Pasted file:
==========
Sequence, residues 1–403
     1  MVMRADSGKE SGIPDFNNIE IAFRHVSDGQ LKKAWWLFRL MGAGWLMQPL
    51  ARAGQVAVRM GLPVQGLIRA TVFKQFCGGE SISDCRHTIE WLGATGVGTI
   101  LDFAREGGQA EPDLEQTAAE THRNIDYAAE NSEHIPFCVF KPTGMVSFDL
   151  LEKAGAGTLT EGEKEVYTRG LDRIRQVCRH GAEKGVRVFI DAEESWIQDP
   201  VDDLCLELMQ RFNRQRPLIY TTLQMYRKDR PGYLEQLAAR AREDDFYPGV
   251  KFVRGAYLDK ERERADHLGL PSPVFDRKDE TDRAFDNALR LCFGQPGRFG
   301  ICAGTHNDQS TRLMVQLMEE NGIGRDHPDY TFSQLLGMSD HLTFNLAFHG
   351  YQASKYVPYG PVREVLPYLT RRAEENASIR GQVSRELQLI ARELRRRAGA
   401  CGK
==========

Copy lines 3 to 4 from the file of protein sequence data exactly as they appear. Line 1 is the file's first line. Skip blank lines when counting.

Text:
    51  ARAGQVAVRM GLPVQGLIRA TVFKQFCGGE SISDCRHTIE WLGATGVGTI
   101  LDFAREGGQA EPDLEQTAAE THRNIDYAAE NSEHIPFCVF KPTGMVSFDL